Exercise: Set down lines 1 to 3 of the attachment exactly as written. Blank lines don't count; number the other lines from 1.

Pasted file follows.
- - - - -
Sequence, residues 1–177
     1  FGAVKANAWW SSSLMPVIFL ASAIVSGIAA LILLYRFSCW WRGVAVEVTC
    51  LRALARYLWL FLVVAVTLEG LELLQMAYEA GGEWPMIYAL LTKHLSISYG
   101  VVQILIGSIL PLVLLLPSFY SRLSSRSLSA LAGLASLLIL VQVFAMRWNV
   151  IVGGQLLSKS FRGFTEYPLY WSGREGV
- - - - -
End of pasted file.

Sequence, residues 1–177
     1  FGAVKANAWW SSSLMPVIFL ASAIVSGIAA LILLYRFSCW WRGVAVEVTC
    51  LRALARYLWL FLVVAVTLEG LELLQMAYEA GGEWPMIYAL LTKHLSISYG